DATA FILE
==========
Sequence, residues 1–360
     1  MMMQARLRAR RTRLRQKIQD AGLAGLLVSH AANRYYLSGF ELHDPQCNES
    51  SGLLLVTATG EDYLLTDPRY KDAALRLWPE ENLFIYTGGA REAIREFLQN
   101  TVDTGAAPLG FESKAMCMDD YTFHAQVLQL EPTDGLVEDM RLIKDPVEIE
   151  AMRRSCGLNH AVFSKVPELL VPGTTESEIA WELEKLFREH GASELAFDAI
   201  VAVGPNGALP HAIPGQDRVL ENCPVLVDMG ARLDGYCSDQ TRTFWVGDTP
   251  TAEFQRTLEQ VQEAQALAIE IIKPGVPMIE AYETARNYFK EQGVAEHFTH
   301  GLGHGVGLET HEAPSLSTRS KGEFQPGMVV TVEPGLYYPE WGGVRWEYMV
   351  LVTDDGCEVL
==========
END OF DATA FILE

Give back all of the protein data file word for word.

Sequence, residues 1–360
     1  MMMQARLRAR RTRLRQKIQD AGLAGLLVSH AANRYYLSGF ELHDPQCNES
    51  SGLLLVTATG EDYLLTDPRY KDAALRLWPE ENLFIYTGGA REAIREFLQN
   101  TVDTGAAPLG FESKAMCMDD YTFHAQVLQL EPTDGLVEDM RLIKDPVEIE
   151  AMRRSCGLNH AVFSKVPELL VPGTTESEIA WELEKLFREH GASELAFDAI
   201  VAVGPNGALP HAIPGQDRVL ENCPVLVDMG ARLDGYCSDQ TRTFWVGDTP
   251  TAEFQRTLEQ VQEAQALAIE IIKPGVPMIE AYETARNYFK EQGVAEHFTH
   301  GLGHGVGLET HEAPSLSTRS KGEFQPGMVV TVEPGLYYPE WGGVRWEYMV
   351  LVTDDGCEVL